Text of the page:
Naming Things

Why naming things well is important and rules-of-thumb for doing so

It seems like the most important skill you develop over time as an engineer is to name things well. It's one of the two hard problems: giving a variable, data structure, function, type, or service/subsystem the appropriate name affects its current and future use.

When all the names of different parts of your system work together, you've finally understood the problem space you're operating in. I often begin new projects by naming as many things as I can and filling in their implementations. Abstract processes take shape when you reify them with a name.

Names are important to get right at the beginning. They are sticky. The name persists in the codebase in hard-to-find or hard-to-modify corners. Service names, column names, and API fields all have a tendency toward permanance.

But beyond that, once a few of your teammates start calling a concept that half-baked name you used in some early brainstorming meeting, it's active effort on your part to dislodge the problematic name from the team lexicon. It's a meme now. You'll really never finish the migration.

Here are a few of my opinionated rules of thumb for naming things well:

Variables, types, classes, and other data structures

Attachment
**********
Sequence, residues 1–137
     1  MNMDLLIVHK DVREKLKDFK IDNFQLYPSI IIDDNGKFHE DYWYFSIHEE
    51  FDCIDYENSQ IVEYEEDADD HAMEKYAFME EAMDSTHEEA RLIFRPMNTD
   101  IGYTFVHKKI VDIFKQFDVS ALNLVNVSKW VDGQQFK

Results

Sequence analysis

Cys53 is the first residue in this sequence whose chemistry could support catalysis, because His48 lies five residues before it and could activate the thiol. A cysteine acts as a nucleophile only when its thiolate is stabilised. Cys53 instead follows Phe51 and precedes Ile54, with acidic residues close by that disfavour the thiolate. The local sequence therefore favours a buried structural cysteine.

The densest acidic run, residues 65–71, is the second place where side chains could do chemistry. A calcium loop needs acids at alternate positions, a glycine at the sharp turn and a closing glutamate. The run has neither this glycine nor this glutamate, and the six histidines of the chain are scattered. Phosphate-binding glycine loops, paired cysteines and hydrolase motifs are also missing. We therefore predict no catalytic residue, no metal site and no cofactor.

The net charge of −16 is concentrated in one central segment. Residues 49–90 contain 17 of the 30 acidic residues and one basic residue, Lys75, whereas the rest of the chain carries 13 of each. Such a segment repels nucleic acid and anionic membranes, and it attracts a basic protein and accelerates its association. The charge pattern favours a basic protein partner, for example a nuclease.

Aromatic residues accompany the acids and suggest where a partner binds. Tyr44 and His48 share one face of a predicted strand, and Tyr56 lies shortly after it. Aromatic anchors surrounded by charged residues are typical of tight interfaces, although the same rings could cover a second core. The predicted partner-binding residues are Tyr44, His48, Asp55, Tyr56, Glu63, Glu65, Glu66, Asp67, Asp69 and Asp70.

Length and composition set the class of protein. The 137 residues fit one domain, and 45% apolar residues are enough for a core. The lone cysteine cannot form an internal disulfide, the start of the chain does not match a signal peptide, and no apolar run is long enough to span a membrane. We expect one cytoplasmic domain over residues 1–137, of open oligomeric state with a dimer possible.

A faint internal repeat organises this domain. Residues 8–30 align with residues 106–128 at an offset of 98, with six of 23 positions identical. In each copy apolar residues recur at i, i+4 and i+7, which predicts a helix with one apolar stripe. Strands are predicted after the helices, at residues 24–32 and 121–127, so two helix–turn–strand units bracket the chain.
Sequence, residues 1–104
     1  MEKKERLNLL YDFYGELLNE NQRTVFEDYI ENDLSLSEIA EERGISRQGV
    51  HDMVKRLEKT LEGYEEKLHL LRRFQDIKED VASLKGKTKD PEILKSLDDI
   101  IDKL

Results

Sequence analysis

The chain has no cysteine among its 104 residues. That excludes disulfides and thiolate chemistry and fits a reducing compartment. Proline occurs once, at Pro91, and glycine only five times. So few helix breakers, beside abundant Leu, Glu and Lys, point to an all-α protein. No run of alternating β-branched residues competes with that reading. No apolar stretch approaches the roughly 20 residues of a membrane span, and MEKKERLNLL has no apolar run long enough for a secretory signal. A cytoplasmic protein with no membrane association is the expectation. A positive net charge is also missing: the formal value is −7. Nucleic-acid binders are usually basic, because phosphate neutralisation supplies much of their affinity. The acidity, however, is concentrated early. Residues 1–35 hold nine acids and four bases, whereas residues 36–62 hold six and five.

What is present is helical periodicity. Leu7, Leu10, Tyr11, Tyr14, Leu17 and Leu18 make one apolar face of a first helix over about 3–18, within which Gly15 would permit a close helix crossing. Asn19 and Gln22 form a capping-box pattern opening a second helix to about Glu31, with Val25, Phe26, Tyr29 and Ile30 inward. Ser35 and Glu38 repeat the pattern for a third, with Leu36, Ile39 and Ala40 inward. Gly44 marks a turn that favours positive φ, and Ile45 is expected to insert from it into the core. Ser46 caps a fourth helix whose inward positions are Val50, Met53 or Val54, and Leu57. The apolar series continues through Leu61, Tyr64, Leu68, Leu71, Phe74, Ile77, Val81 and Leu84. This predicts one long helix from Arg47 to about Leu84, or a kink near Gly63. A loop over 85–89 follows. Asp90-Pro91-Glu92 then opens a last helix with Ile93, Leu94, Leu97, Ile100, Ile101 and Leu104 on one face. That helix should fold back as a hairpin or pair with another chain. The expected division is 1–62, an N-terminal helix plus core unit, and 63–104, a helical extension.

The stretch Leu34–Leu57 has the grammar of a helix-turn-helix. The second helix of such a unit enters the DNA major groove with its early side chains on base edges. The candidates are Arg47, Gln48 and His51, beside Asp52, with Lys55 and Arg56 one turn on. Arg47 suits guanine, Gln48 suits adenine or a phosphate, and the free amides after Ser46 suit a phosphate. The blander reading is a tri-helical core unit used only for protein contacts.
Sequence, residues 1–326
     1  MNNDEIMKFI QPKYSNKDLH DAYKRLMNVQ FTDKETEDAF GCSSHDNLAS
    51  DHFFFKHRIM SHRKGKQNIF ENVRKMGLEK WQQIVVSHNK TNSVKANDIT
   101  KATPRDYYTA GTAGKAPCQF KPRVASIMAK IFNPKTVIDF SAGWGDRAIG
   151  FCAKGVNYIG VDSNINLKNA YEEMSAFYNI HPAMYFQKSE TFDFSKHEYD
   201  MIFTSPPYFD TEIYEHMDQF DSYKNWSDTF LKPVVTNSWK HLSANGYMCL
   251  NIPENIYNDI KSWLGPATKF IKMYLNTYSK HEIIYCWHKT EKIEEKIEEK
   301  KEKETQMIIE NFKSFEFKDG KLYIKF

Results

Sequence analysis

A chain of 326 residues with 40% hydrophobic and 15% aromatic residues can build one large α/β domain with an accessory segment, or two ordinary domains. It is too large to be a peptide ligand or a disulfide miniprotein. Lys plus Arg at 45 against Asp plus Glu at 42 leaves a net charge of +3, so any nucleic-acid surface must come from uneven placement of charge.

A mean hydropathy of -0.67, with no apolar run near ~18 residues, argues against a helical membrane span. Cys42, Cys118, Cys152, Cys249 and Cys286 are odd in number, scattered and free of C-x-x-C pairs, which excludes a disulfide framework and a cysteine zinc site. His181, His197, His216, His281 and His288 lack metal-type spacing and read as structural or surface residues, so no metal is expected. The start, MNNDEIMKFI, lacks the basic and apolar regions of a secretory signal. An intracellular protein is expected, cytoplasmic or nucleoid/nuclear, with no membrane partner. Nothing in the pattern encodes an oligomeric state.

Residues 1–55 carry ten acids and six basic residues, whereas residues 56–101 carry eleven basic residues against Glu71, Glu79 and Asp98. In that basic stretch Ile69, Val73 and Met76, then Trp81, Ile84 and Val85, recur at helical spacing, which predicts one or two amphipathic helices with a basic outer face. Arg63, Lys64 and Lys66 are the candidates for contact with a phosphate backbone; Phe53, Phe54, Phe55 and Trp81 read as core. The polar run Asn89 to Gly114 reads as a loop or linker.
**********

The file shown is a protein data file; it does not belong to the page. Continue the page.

• They should be nouns.
  • They should have more specific names when they could be confused with other similar names.
  • Single letter variable names are only acceptable for small inline lambda parameters.

Functions and methods

  • They all start with present imperative verbs.
  • They should be shorter and more generic if the more frequently they are used in the codebase.
  • If a function primarily computes a value in-memory, begin with get or compute.
  • If a function constructs a new object or data structure, begin with build.
  • If a function fetches a value from a remote host, begin with fetch or load.
  • If a function returns a boolean value, begin with the prefix is, has, or another present indicative verb.

Services and subsystems

As a codebase grows, it seems that most programmers prefer literal names that succinctly describes the purpose for each subsystems or service.

Literal naming is in contrast to the cute "codenames" or "pet names" used for alpha-stage experimentation that I often see lurking in the legacy parts of larger codebases. I think teams grow out of this pattern because it doesn't scale. Many engineers have been burned in the past trying to explain what a service's responsibility is to a new teammate, only to realize how much other internal jargon one must memorize to ramp up. It's fun at first, but codenames eventually get in the way. Or perhaps I've just worked on one too many projects named "nova".

The primary disadvantage of literal service names is that every so often their purpose changes. You'll decide to make a name change, and embark on the find-and-replace mega-PR. What was once a email_notifications service evolved into a more powerful notifications service when the time comes to implement push notifications as well. In this instance, I still maintain that a meaningful service name you have to change is preferable over a meaningless one. With a bit for foresight, you can avoid these changes in the first place.